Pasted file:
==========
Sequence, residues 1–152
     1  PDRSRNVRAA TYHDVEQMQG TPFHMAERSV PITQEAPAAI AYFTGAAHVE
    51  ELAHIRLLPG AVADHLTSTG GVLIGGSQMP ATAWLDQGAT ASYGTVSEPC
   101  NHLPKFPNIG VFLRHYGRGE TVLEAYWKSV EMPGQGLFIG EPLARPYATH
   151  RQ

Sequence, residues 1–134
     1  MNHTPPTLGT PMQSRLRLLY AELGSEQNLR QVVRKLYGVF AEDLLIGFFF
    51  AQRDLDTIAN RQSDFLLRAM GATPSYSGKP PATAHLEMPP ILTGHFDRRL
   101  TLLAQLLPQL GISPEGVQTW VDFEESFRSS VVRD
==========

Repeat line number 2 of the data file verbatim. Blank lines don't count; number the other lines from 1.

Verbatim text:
     1  PDRSRNVRAA TYHDVEQMQG TPFHMAERSV PITQEAPAAI AYFTGAAHVE